Probably not happening soon

So on the flip side, what's NOT likely to happen in 2017?

Drones, certainly not at scale, lot's of challenges still to be worked out. And they're not all about FAA restrictions. How would a drone deliver to an apartment? If there were tons of drones in the air all the time and they started to get annoying, would people start shooting them down? Aren't they at risk of being stolen and reprogrammed? I think drones will remain mostly a PR story for another couple of years.

My Hue lighting addiction notwithstanding, Connected devices aren't all that cool unless they really make something better or easier. Do you really need a cup that tracks your water intake? Probably not. I'm still suspicious of the fridge that knows when to order more milk.

VR for marketing is still a head fake, no one has figured out how to use it as anything other than a PR gimmick yet and it may not be worthwhile to do so unless the prices come down and the hardware shrinks significantly. Nobody is going to don a headset to watch an ad so the communications will have to evolve to something else.

Customer experience vs Capability

Marketers are failing on customer experience because they lack digital capabilities. 84% of companies studied say identifying users, personalization and measuring impact is 'very important to growth,' but only about 10% are able to deliver in these areas. I don't think we have a capability problem. Philips has done well training us in Digital and the importance of Customer Obsession. We're ahead of the game in North America on leveraging Search and Social insights. I do think we're still falling a little short in technology. But we're looking at fixing that problem from a number of angles. Customer behavior tracking and scoring, CRM development and hygiene, just to name two.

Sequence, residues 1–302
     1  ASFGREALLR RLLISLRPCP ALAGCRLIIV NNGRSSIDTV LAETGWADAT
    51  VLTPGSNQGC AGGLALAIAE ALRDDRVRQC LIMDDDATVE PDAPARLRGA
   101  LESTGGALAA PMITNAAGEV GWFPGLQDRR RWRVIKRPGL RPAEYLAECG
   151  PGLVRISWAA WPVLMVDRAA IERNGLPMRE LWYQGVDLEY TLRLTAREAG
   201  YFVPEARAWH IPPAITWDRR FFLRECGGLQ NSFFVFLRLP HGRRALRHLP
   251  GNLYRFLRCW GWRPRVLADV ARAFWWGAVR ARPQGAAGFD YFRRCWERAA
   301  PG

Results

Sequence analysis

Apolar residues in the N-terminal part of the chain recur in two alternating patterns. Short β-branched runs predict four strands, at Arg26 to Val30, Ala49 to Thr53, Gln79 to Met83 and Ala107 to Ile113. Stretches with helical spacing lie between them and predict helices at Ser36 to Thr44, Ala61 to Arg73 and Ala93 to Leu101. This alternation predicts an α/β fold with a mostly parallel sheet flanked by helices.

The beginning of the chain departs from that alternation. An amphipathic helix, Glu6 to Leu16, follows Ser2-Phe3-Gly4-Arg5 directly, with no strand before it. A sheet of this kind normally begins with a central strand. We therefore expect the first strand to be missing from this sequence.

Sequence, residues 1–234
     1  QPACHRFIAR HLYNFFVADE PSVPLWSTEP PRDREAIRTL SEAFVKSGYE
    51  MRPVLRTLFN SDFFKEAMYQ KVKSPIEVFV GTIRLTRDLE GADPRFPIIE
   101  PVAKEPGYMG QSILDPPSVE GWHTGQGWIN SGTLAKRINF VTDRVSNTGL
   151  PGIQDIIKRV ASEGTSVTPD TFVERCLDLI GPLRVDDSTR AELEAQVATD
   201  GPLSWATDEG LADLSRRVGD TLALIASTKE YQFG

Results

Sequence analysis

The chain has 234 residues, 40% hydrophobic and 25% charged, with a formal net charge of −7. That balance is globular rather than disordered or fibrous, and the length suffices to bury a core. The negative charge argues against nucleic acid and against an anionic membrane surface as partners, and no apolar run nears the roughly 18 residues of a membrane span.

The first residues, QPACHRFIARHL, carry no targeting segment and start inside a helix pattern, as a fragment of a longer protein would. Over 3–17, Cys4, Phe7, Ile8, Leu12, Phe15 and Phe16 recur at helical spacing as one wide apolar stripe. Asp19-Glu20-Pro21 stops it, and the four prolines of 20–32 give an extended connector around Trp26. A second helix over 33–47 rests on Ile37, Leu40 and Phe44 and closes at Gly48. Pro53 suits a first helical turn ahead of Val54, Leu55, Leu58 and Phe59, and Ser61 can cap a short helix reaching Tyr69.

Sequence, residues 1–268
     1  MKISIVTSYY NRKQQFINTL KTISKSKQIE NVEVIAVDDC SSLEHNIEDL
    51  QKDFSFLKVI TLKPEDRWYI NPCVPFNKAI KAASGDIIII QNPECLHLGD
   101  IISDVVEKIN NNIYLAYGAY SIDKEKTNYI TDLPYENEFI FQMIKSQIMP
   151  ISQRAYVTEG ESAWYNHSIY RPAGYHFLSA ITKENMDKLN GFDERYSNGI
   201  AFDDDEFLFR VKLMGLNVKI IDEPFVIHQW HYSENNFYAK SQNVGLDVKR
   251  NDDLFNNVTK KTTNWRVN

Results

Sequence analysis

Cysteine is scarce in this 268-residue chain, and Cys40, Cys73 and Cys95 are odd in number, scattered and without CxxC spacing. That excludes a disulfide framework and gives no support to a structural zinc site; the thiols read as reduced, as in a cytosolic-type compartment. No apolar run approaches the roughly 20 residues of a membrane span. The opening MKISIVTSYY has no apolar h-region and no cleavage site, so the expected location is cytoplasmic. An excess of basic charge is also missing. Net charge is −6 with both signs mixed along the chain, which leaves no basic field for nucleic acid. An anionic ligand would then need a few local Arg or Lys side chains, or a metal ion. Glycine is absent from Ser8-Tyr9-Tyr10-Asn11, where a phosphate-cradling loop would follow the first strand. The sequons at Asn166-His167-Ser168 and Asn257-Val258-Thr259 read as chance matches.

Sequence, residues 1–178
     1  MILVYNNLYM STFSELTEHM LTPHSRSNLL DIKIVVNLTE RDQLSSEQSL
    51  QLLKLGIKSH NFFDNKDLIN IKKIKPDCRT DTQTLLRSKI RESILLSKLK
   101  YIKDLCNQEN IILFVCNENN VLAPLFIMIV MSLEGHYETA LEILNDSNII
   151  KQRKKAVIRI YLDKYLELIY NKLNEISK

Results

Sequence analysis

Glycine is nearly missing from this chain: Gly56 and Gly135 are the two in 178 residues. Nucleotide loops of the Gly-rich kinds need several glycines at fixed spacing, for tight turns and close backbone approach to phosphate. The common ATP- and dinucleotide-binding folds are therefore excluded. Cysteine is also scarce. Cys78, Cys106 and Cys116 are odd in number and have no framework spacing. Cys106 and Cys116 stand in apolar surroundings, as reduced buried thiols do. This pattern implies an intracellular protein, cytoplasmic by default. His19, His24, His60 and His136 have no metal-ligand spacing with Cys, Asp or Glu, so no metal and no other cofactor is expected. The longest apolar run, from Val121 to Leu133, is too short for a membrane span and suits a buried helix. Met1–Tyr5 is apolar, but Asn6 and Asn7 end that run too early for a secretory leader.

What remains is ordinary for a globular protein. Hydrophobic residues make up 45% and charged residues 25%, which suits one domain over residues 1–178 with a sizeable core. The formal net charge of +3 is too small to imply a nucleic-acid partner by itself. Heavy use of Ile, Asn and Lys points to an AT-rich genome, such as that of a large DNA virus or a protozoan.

Microsoft officemates

We don't talk very much about Microsoft, because it's just not that interesting. But it's talent is. It's the number one place that other digital companies recruit from. Over 12,800 former microsoft emnployees now work for Google, Apple, Facebook or Twitter.

Insta engagement
This week, Scott Galloway mused about Instagram. It's become the dominant platform for brand engagement when compared to Facebook and Twitter, commanding 92% of the social interactions for the 420 brands L2 tracks. But when you add YouTube to the mix, Insta only account for 42% of interactions while YouTube gets 55% and the others fight over the crumbs. But interestingly, the platform's organic reach has declined in the face of recent changes to it's algorithm. THe frequency of brand posts is up 6% but the interaction rate per 1000 followers has decreased 30%. I bet we'll be seeing more changes to the platform's algorithm to bring its attractiveness to advertisers back up.